The surviving members of Monty Python’s Flying Circus recently performed some well-attended and high-priced “reunion” shows at London’s O2 stadium. At their best the Pythons were a brilliant comedy team, and like many fans I have favorite bits from their repertoire: Arthur Pewtey and his ravishing wife Deirdre, the senile delinquents, the restaurant sketch, looking for an argument, and the twin peaks of Mount Kilimanjaro. There are also the individual lines that have become part of our social lexicon and the English language: “Nudge, nudge,” “This is an ex-parrot,” “Right, this is getting a bit silly,” “Get the bucket,” “Spam, spam, spam…” Monty Python are great.
Yet how disappointing it is that the troupe have turned themselves into a greatest-hits act. Python were for a long time a wonderful antithesis of the sentimental, self-congratulatory showbiz love-ins between entertainer and audience that were the dreary domains of Bob Hope, Red Skelton, and their ilk; the usual adjective applied to the Flying Circus is “irreverent,” which their vast, worshipfully covered O2 shows were assuredly not. Michael Palin, John Cleese, Terry Jones, Eric Idle and Terry Gilliam can do what they like with their material and their reputations – uncontrollable flatulence – but the living Python of forty-five years ago would have mercilessly satirized the enshrined Python of 2014. If you doubt me, check out Eric Idle’s torrentially teary parody of Richard “Dickie” Attenborough from 1973: “There can be no finer honor than to welcome into our midst tonight a guest who has not only done only more than not anyone for our Society, but nonetheless has only done more. He started in the film industry in 1924, he started again in 1946, and finally in 1963. He has been dead for four years, but he has not let that prevent him from coming here this evening…”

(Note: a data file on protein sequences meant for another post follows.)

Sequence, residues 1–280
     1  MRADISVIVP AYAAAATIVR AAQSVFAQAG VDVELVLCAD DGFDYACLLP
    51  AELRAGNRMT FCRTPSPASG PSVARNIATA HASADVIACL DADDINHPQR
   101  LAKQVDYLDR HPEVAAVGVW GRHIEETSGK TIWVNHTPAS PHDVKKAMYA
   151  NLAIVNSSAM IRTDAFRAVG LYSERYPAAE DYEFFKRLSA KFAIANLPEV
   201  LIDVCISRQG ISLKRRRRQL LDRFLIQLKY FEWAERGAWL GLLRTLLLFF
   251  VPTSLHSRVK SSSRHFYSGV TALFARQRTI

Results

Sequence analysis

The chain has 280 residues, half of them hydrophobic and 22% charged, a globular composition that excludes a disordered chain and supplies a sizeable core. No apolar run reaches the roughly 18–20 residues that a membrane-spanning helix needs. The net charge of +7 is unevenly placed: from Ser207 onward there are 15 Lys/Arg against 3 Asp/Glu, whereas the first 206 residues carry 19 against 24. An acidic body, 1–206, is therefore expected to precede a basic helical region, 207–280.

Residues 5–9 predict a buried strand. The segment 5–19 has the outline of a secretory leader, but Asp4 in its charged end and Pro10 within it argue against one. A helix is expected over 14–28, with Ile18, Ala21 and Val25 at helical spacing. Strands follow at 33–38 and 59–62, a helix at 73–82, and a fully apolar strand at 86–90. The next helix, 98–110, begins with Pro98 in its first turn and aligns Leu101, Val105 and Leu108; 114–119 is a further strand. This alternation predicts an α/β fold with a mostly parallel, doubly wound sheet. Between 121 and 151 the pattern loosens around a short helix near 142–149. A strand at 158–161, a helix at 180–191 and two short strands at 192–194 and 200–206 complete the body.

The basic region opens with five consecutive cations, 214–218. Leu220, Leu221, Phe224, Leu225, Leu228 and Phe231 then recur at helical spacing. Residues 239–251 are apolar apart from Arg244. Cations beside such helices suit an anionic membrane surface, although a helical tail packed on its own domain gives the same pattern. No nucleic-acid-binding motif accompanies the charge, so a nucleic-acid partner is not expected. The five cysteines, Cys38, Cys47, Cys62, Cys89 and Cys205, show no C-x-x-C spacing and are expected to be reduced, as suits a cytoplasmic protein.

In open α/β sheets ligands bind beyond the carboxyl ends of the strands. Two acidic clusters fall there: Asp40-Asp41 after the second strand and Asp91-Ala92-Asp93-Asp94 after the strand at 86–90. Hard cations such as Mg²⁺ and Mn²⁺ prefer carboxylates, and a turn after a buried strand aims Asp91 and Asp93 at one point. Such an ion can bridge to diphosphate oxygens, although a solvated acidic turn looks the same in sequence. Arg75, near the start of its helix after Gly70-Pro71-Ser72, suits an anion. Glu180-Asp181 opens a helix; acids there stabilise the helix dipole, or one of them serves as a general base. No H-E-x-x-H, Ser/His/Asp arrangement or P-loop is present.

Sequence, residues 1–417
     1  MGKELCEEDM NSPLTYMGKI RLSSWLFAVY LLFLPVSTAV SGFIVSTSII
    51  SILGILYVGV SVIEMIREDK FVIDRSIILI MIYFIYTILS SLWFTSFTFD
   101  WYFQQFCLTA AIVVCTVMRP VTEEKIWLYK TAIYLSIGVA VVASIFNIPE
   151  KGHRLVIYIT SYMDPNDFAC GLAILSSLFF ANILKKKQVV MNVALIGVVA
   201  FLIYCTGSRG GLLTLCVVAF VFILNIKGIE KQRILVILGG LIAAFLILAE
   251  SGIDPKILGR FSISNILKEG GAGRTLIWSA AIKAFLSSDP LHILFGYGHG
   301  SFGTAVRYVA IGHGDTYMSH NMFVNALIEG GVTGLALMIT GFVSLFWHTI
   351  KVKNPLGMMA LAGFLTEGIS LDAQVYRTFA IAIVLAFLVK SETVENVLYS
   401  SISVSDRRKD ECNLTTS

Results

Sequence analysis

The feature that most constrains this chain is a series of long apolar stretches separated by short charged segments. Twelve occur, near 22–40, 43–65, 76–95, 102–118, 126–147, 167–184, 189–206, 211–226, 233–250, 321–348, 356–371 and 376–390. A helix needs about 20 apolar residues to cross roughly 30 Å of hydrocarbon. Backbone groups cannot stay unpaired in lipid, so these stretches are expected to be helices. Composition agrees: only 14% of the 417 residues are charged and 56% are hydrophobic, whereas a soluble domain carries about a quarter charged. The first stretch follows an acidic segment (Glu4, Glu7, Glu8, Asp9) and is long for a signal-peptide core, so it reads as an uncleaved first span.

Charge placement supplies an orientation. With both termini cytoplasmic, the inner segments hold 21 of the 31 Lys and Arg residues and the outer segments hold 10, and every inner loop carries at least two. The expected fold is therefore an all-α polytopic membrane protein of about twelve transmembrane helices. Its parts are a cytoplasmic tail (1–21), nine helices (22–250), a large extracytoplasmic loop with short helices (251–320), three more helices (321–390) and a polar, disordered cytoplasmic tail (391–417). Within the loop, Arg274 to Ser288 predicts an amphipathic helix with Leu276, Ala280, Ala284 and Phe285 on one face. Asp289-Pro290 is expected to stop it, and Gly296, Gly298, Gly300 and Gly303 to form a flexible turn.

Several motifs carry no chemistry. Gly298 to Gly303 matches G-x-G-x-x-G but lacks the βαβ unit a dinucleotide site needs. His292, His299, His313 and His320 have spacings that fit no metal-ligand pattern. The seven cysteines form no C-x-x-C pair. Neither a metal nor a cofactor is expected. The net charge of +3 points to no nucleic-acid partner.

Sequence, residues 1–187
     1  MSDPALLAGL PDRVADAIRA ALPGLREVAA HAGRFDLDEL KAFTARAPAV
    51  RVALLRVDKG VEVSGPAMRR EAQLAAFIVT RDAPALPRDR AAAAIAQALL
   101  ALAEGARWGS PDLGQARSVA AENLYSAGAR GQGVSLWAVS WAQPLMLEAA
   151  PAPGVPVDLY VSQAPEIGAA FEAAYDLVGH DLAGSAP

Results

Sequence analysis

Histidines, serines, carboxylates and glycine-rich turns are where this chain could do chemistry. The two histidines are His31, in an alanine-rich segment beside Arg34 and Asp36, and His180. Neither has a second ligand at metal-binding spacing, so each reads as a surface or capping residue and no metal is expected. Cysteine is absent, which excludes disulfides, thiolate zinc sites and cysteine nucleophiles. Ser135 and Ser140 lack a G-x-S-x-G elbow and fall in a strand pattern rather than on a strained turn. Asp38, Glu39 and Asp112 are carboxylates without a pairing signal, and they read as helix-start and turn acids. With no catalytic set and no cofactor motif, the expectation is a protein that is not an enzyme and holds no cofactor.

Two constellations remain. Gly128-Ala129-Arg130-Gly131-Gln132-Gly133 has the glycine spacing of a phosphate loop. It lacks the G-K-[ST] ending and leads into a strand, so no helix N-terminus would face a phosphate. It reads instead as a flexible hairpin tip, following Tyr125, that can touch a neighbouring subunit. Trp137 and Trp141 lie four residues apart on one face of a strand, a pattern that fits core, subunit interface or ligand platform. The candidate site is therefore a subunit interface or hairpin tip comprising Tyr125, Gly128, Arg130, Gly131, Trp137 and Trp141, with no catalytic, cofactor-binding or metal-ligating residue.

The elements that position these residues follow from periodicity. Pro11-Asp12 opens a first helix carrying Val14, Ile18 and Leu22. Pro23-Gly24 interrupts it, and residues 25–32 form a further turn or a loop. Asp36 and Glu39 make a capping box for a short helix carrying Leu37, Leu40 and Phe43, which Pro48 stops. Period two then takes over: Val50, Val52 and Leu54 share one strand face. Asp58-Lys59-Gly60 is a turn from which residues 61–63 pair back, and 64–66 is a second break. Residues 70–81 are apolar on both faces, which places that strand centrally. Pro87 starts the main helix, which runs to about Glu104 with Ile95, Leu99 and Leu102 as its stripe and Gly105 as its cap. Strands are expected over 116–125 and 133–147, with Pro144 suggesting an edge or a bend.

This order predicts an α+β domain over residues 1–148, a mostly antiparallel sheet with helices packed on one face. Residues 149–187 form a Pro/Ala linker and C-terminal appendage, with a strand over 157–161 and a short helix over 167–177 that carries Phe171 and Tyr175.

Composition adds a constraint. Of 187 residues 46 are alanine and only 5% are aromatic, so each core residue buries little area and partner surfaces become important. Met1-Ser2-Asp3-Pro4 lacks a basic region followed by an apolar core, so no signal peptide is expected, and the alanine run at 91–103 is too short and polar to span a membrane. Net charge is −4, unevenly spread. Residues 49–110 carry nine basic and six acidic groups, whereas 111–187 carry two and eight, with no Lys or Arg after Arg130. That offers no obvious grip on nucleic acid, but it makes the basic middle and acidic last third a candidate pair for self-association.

Squirrels at War: The Sacrifice, the Savagery. Critics have coined the term “comfort rock” in reference to the set-in-stone playlists of classic rock radio, and indeed the O2 shows of the Rolling Stones in 2012 and the reunited Led Zeppelin in 2007 were characterized by eruptions of nostalgic applause at the first notes of each beloved tune, followed by an expectant wait for the song to be over so the next all-time anthem could be sounded. The same Pavlovian response greeted the latest renditions of Monty Python’s “The Lumberjack Song” (Mick Jagger, to his credit, provided a self-mocking promo for the London events from just this perspective). Monty Python have already given themselves a Beatles’ Anthology-style treatment in a 2003 documentary, The Pythons: Autobiography by the Pythons, wherein the elder statesmen of zaniness and various celebrity disciples commented thoughtfully on the Python genius – and now for something reassuringly predictable. Again, the men of Monty Python are free to reunite and celebrate their achievements however and as often as they wish, but they must know that each celebratory reunion undermines the very qualities they are celebrated for.
There’s a book by Simon Reynolds called Retromania: Pop Culture’s Addiction to Its Own Past (not to be confused with Lesbian Oil Wrestling Illustrated), which I haven’t read but would like to. Reynolds’ argument, as I understand it, is that a culture which constantly reexamines and recycles its former glories risks losing the inventiveness and creativity on which a viable culture must build. Our fetish for reissues, reunions, and endless farewell tours may signify a stagnating society, or a self-obsessed Baby Boom generation, or the global tipping point of peak ear wax, but whatever its implications, I’m sorry to see that Monty Python’s Flying Circus, of all people, have been caught up in it.